[Lexicog] "googly" and metaphors of deception

Kenneth C. Hill kennethchill at YAHOO.COM
Sun May 23 21:18:48 UTC 2004

Fritz's comment on "master" (below) applies not just to the period from
the Middle Ages to the 17th century. "Master" in colloquial Mexican
Spanish has two forms: maestro [maéstro], a term of respect, as in
reference to a symphony orchestra person, and máestro (which I hear as
[máistro]), which is appropriate in address to an artisan (especially, in
my experience, a mason) or schoolteacher, the polite presumption being
that the person is skilled at his/her trade/profession.


--- Fritz Goerling <Fritz_Goerling at sil.org> wrote:
> Ken,
> That is an interesting inversal of roles: the coyote not just as the
> trickster but also the fool. Probably as the trickster tricked.
> That also happens in African "rabbit" stories where the rabbit
> is tricked by the squirrel or spider once in a while.
> Here is a Western European "jewel." It is the translation of the French
> poet Lafontaine's famous poem "The Raven and the Fox". The translation
> was done by a friend who wants to stay anonymous:
> Master* Raven perched on a tree,
>    was holding in his beek a bit of cheese.
> Master Fox, attracted by a milky odor,
>    expressed himself something like this:
>      "Hey! Good afternoon, most illustrious Raven.
>       You're so pretty! You're so beautiful to me!
>           No lie! If your song
>           matches up to your plumage,
> You'll be the Phoenix** of the forest dwellers!"
> With those words the Raven felt no joy.***
>       And to show his beautiful voice
>   He opened his large beak, and let fall his prey.
> The Fox seized it and said: "My good man.
>           You must learn that every flatterer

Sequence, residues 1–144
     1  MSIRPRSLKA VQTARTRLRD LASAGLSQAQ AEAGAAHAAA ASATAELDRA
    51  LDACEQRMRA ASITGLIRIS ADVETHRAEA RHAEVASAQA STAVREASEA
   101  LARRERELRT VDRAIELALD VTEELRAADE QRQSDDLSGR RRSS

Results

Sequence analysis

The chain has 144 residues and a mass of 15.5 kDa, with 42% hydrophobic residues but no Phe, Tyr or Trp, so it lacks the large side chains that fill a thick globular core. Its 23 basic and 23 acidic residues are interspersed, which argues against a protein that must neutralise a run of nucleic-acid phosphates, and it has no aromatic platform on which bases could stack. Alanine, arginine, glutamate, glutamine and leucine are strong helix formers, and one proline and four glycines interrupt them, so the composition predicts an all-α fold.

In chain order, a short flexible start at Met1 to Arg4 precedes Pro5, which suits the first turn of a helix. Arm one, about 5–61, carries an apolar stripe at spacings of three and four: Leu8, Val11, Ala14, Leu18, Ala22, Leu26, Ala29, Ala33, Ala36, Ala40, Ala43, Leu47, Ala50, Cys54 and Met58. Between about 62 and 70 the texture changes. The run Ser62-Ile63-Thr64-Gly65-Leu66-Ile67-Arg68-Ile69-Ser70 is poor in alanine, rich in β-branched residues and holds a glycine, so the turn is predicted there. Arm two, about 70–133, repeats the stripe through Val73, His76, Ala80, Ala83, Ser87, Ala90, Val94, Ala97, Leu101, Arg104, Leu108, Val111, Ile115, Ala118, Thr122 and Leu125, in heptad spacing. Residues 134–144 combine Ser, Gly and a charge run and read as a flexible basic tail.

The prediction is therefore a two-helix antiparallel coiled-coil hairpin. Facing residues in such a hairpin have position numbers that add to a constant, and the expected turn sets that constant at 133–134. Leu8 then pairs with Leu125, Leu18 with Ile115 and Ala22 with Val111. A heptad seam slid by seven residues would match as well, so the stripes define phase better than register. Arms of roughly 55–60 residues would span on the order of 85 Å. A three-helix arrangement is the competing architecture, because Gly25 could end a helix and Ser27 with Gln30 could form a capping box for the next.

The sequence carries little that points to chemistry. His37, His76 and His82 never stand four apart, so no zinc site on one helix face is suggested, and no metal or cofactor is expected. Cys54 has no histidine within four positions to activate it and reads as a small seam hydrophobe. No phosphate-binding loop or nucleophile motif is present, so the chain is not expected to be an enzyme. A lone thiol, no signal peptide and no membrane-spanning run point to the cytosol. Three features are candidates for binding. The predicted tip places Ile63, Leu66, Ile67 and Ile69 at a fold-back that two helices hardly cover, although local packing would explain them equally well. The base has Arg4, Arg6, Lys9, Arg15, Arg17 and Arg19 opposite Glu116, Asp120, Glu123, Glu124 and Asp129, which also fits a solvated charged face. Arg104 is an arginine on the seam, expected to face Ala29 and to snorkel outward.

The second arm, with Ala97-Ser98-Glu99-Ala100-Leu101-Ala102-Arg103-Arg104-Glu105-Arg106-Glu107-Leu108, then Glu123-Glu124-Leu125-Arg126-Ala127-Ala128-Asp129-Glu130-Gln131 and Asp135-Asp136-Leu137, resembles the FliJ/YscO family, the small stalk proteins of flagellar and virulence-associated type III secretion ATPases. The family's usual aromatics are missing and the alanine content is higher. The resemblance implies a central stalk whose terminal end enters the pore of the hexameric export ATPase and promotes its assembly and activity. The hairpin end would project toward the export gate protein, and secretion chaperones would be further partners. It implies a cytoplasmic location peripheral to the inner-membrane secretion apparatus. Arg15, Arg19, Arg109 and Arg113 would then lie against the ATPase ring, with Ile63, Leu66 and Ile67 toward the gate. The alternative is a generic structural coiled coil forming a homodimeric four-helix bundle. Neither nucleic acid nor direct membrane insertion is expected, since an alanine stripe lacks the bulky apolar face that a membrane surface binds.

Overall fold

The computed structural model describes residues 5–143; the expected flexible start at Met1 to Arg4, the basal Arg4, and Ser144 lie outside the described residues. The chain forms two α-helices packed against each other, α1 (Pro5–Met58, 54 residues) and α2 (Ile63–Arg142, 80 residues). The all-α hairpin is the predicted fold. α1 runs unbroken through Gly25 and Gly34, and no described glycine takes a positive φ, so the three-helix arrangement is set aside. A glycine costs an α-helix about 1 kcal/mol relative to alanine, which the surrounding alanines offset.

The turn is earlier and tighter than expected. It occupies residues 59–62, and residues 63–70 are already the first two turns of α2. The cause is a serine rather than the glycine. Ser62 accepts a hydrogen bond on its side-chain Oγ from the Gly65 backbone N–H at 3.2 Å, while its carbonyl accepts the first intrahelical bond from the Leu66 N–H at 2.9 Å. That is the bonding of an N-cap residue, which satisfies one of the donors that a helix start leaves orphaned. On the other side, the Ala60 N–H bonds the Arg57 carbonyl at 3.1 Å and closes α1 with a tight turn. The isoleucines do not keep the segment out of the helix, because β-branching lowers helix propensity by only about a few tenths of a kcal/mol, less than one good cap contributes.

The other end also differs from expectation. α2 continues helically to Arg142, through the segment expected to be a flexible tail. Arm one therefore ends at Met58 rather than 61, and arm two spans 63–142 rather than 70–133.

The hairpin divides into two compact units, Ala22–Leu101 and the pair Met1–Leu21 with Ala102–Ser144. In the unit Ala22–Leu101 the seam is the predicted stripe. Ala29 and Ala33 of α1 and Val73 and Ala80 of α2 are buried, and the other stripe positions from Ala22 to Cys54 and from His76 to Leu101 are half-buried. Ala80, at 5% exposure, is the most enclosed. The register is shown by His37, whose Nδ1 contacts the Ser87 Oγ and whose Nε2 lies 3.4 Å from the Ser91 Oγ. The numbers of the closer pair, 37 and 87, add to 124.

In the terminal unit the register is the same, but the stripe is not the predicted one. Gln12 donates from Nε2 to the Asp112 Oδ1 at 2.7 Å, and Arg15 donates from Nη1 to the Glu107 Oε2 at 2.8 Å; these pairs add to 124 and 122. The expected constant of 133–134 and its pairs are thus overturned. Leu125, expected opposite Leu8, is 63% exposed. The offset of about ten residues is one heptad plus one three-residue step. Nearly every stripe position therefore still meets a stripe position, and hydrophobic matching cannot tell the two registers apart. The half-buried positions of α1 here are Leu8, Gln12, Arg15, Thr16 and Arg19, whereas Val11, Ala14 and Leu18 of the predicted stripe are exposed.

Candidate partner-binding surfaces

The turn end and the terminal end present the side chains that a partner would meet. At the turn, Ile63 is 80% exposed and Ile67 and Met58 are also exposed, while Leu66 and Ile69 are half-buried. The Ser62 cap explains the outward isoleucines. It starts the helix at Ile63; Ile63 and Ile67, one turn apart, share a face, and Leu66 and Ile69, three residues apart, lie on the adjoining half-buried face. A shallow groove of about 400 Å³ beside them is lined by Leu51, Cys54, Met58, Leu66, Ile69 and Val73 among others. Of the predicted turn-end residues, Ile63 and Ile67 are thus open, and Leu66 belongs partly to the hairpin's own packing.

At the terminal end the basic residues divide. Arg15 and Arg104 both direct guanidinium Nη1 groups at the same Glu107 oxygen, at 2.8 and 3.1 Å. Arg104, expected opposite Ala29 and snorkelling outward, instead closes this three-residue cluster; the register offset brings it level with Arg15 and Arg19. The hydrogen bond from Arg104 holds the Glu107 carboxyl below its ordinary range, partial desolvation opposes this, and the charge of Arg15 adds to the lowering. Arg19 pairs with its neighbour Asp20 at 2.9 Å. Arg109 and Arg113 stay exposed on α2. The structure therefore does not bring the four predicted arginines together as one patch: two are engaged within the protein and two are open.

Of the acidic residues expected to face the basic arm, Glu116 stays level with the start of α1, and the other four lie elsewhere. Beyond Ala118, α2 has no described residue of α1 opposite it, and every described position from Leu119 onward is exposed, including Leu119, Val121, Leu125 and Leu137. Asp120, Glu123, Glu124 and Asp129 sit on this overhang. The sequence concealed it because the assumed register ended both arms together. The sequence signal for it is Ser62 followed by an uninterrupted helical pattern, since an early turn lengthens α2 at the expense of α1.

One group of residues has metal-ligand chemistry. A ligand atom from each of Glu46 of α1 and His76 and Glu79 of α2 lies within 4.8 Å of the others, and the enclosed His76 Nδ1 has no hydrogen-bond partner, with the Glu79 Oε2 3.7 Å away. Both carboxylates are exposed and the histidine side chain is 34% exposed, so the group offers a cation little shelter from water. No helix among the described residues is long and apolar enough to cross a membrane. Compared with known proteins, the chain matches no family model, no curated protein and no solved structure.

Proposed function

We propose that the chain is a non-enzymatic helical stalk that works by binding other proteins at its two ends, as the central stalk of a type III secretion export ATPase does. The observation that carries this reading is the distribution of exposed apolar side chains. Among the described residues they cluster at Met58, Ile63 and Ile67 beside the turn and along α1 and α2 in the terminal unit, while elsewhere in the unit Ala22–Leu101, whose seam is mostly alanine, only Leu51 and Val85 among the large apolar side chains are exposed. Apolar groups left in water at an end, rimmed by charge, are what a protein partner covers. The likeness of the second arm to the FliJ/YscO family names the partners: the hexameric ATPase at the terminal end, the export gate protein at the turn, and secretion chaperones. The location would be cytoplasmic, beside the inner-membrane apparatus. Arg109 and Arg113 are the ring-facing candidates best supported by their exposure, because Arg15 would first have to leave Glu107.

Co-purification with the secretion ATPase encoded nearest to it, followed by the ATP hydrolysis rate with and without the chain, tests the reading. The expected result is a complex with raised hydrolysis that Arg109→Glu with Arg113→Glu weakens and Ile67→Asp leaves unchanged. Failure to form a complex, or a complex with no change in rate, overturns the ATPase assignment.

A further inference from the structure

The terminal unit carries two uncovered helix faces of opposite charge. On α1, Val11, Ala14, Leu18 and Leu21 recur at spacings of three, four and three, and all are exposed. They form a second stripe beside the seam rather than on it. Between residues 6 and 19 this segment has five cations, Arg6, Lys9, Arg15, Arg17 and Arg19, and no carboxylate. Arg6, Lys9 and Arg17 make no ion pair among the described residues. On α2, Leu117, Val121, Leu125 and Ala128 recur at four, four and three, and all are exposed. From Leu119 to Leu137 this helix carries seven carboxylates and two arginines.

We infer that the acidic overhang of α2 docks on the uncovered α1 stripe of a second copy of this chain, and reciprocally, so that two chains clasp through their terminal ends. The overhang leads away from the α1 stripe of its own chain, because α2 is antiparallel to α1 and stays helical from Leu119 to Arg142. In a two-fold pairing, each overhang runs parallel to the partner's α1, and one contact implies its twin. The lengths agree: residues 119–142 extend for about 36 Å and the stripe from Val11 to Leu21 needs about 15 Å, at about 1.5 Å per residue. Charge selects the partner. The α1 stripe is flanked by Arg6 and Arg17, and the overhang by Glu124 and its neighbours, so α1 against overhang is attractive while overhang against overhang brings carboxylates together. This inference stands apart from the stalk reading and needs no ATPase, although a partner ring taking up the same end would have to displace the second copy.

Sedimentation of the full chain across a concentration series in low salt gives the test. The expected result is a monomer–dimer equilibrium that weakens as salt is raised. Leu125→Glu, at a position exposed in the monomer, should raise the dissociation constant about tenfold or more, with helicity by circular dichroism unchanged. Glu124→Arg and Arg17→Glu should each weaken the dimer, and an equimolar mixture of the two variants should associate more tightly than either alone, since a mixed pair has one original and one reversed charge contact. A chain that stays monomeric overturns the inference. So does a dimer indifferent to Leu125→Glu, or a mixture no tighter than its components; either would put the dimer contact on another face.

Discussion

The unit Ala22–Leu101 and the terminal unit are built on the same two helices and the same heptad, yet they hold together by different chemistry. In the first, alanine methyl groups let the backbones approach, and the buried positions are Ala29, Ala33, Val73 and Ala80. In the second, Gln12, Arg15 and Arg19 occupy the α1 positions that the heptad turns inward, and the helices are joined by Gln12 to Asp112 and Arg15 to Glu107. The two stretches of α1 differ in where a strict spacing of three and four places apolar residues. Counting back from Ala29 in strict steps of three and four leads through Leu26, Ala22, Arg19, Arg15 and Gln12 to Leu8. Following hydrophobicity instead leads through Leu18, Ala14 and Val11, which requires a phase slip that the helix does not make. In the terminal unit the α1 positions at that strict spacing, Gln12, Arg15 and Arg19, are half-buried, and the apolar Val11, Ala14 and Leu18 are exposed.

>            lives at the expense of the one who listens:
> This lesson applies well to a bit of cheese, no doubt."****
> The Raven, humiliated and confused,
> swore, but just a little late, never to be tricked again.
> *Master: name actually reserved for lawyers, notaries, attornies,
>  but was widely used from the Middle Ages to the 17th century to
>  refer to people of average means.
> **"Phoenix": fabulous bird, the only one of its kind, who after a
> century
> of life, dies being consumed by fire, then is reborn immediately from
> its ashes. By extension: to be unique of its kind; to be the most
> remarkable.
> ***"Felt no joy": lose the feeling of the effect of joy, is beside
> himself
> (with anger)
> ****"No doubt": without ANY doubt.
> In most of the languages of the American west and Mexico the coyote is
> the
> trickster/fool. The languages I've worked on in which this is the case
> include Cahuilla, Cupeqo, and Serrano in California, Hopi and O'odham in
> Arizona, and Nahuatl in Mexico. I have heard that the raven fills this
> role in the northwest/Canadian west and Alaska.
> The indigenous folkloric coyote provided the basis for the coyote figure
> in the coyote and roadrunner cartoons. It may be of interest that the
> roadrunner is not an important folkloric figure.
> --Ken
> --- Wayne Leman <wayne_leman at sil.org> wrote:
> > coyote: Cheyenne
> >
> > > In different cultures deception and cunning behavior are associated
> > with
> > > certain animals. The animal metaphor is often applied to a human
> > > trickster.
> > >
> > > rabbit: Africa and America
> > > fox: German, Dutch, French
> > > jackal: Arabic
> > > (o)possum: US
> > > spider: Africa
> > > squirrel: Africa
> > >
> > > Fritz Goerling
> >
> >
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